Inflation Data, Black Friday Sales: What to Know This Week

Inflation Data, Black Friday Sales: What to Know This Week

Investors will receive a slew of new economic data and company announcements during this holiday-shortened week. New inflation statistics will be extensively scrutinized, and preliminary data on Black Friday sales will provide merchants with an early indication of Christmas buying momentum.

The stock and bond markets in the United States will be closed on Thanksgiving Day, and no trading will take place on Thursday. On Friday, the stock market will close early at 1 p.m. ET, while SIFMA has advised that the bond market shut early at 2 p.m. ET the day following Thanksgiving.

But, before the markets close for the holidays, the Bureau of Economic Analysis will release the Personal Consumption Expenditures (PCE) deflator for October on Wednesday. This will serve to indicate how inflation has changed in the United States, and it will almost certainly show another high print on price pressures in the United States.

According to Bloomberg-compiled estimates, consensus analysts predict the broadest measure of PCE to have increased by 0.7 percent in October compared to September. This would be a significant increase above September's 0.3 percent monthly growth. And, compared to the previous year, the PCE deflator will have climbed by 5.1 percent, the most since 1990, accelerating from September's 4.4 percent year-over-year growth.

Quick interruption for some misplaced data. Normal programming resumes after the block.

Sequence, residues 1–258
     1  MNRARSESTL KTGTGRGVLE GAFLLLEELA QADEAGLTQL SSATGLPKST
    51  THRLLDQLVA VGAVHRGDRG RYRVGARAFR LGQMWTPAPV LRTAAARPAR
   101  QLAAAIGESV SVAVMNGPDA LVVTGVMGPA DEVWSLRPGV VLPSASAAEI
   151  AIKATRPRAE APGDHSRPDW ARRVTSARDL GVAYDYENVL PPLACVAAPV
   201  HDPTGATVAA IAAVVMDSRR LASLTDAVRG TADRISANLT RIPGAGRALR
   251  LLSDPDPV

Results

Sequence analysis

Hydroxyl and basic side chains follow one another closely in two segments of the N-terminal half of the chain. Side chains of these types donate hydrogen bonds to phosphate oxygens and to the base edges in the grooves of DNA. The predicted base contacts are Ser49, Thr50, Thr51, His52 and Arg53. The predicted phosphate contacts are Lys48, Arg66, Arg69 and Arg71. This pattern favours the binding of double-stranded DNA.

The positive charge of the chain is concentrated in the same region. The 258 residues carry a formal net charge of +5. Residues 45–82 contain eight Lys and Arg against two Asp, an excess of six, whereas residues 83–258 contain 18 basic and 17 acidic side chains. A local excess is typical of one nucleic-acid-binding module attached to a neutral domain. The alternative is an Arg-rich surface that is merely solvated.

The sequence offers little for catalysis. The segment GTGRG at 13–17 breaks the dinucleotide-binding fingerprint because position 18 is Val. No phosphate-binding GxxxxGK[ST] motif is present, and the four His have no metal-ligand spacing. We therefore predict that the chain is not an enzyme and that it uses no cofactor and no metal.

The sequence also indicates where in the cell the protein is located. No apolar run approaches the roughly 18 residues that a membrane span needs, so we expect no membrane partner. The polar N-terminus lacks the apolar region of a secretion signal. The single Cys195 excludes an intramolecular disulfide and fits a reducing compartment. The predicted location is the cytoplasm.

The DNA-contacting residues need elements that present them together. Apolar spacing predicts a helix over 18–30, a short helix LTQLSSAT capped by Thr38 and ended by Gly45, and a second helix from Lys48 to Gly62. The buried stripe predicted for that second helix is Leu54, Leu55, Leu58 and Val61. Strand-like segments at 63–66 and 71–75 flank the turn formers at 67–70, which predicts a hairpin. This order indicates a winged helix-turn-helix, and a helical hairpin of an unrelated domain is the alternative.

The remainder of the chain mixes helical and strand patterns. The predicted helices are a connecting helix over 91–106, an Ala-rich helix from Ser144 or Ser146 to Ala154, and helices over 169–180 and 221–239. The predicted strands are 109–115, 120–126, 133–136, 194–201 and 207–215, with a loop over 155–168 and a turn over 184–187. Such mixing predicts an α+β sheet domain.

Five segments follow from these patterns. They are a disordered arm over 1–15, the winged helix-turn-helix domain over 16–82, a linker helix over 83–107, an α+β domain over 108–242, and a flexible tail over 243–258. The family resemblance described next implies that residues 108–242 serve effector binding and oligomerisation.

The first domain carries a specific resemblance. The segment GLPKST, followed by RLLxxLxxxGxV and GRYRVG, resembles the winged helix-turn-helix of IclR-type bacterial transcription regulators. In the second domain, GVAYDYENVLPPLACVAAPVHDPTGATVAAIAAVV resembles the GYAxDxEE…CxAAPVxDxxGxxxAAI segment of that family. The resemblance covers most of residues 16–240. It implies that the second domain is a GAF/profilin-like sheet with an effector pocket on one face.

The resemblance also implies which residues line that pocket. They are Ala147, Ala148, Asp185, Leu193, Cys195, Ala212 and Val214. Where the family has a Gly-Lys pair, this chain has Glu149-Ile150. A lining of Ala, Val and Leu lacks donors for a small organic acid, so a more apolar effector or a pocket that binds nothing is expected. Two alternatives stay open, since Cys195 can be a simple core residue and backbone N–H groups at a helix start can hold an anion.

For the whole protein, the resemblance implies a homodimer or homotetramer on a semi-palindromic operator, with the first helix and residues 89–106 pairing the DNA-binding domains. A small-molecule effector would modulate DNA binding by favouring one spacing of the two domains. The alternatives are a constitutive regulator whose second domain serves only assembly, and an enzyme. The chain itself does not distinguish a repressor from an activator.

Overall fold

In October, the core PCE, which excludes more volatile food and energy costs and is the Federal Reserve's preferred measure of inflation, is predicted to grow by 4.1 percent over the previous year. This would also be the most rapid increase in over three decades.

These higher inflation readings have fueled market fears that increasing prices could stifle the economy's recovery by restricting consumer spending and leading the Federal Reserve to tighten monetary policy sooner than planned. Despite the fact that retailers' quarterly results have mainly shown better-than-expected sales trends, consumers have expressed increased concern about the effects of inflation on their budgets. The preliminary November Consumer Surveys from the University of Michigan revealed that consumer mood has dropped to its lowest level in a decade, owing mostly to an increase in inflation expectations.

Several Federal Reserve officials have stated that current levels of inflation will eventually reduce in the coming months, particularly when supply chain-related disruptions that have contributed to higher prices begin to unravel. A premature action on raising rates to attempt to stop inflation today, according to San Francisco Fed President Mary Daly, a voting member of this year's Federal Open Market Committee, might have unexpected effects down the road.

"Monetary policy is a blunt instrument with a significant lag," Daly remarked last week at a public speech at the Commonwealth Club of California. "Raising interest rates today would have little effect on increasing productivity, repairing supply systems, or preventing consumers from spending more on things than services. However, demand would be reduced in 12 to 18 months."

Black Friday sales

As the Christmas shopping season heats up, the traditional Black Friday shopping bonanza is due to take place this week.